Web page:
Generally, the amount the whistleblower will receive depends upon the quality and usefulness of his or her information to the government. According to DOJ guidelines, the factors can increase the percentage of the relator’s share:
- The relator reported the fraud promptly
- The relator tried to stop the fraud or reported it internally
- The qui tam filing caused the defendant to halt the fraudulent practices
- The complaint warned the government of a significant safety issue
- The complaint exposed a nationwide practice
- The relator provided extensive, first-hand details of the fraud to the government
- The government had no knowledge of the fraud
- The relator provided substantial assistance during the investigation
- The realtor was an excellent, credible witness at trial
- The realtor cooperated with the government during the entire proceeding
- The case went to trial
- The filing of the complaint had a substantial adverse impact on the relator
Likewise, factors that can decrease the relator’s share include:
- The relator participated in the fraud
- The relator substantially delayed reporting the fraud
- The relator violated the Act’s procedural requirements
- The relator had little knowledge or only a suspicion of the wrongdoing
- The relator’s knowledge was based primarily on public information
- The relator learned of the fraud in the course of government employment
- The government already knew of the fraud
- The realtor provided little help after filing the complaint or hampered the government’s efforts to develop the case
- The case required a substantial effort by the government to develop the facts and win the lawsuit
- The case settled
For more information about the usefulness of whistleblower information to the government, please contact a California False Claims Act lawyer.
How California Protects Whistleblowers
The primary fear for most potential whistleblowers is their personal safety, as well as their job security. For many, that fear is strong enough to prevent them from taking action. To assuage those concerns, the federal and California False Claims Acts include robust protections for whistleblowers that prevent their employers from retaliating against them. See 31 U.S.C. § 3730(h) and Cal. Gov’t Code § 12653 and Cal. Labor Code § 1102.5. Such retaliation can include a broad range of adverse actions, including termination, demotion, suspension, and harassment, and threats. To prove retaliation in a whistleblowing case, the whistleblower must prove that:
- The whistleblower engaged in a protected activity (i.e., reporting fraud against the government)
- The whistleblower’s employer took an adverse employment action against him or her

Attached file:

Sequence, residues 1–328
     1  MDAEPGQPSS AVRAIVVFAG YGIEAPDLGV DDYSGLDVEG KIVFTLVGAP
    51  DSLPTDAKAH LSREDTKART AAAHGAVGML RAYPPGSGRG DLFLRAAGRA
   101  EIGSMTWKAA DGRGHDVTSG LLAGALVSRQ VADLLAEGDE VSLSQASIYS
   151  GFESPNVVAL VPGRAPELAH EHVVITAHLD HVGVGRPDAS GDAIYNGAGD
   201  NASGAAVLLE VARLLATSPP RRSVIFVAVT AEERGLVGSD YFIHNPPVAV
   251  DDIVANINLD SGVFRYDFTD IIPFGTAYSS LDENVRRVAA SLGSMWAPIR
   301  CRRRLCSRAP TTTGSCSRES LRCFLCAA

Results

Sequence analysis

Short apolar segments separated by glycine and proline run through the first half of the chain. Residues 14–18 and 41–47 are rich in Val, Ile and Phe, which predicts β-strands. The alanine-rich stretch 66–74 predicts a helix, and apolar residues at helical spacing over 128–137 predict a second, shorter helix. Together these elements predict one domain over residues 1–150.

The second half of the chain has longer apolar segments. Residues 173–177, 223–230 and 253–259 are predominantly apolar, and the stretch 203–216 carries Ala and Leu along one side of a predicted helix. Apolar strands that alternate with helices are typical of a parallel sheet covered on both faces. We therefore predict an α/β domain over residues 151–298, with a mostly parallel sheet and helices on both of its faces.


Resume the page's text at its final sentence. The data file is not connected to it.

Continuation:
- The adverse employment action was due to the whistleblower’s protected activity
Upon a successful showing of retaliation, relief available to the whistleblower includes:
- Reinstatement with the same seniority status
- Two times his or her amount of back pay
- Interest on back pay
- Compensation for special damages caused by the discrimination (such as attorneys’ fees and litigation costs)
The statute of limitations for invoking the protections of the False Claims Act’s whistleblower protections is three years from the date the retaliation occurred. 31 U.S.C. § 3730(h)(3).
What Happens to Companies that Defraud the Government?
Companies that are found to violate the False Claims Act are liable for the three times the dollar amount that the government is owed plus additional civil penalties for each false claim. 31 U.S.C. § 3729(a)(1). Depending upon the amount of the fraud and the number of false claims submitted to the government, these penalties can be substantial. They can also translate to high dollar amounts in rewards for relators. However, the court may reduce the damages in cases where:
- The defendant furnished the government with all information known to them within 30 days after they first obtained the information
- The defendant fully cooperated with the government’s investigation of the violation
- At the time the defendant furnished the government with information about the violation, no criminal prosecution, civil action, or administrative action had commenced with respect to the violation, and the defendant did not have actual knowledge of the existence of an investigation into the violation
In such cases, the court may lessen the damages to two times the amount the government is owed. 31 U.S.C. § 3729(a)(2).
How Do I Know if I Have a Strong Case? The Evans Law Firm Can Help
The strength of your case will be determined by your individual circumstances. Generally, strong cases involve relators who have inside information relating to a substantial fraud and who can prove it with hard evidence, such as documents, emails, phone calls, recordings, text messages, etc. A skilled attorney can help you evaluate the strength of your claim, as well as your likelihood of receiving a reward. Contact the Evans Law Firm today for a free and confidential consultation.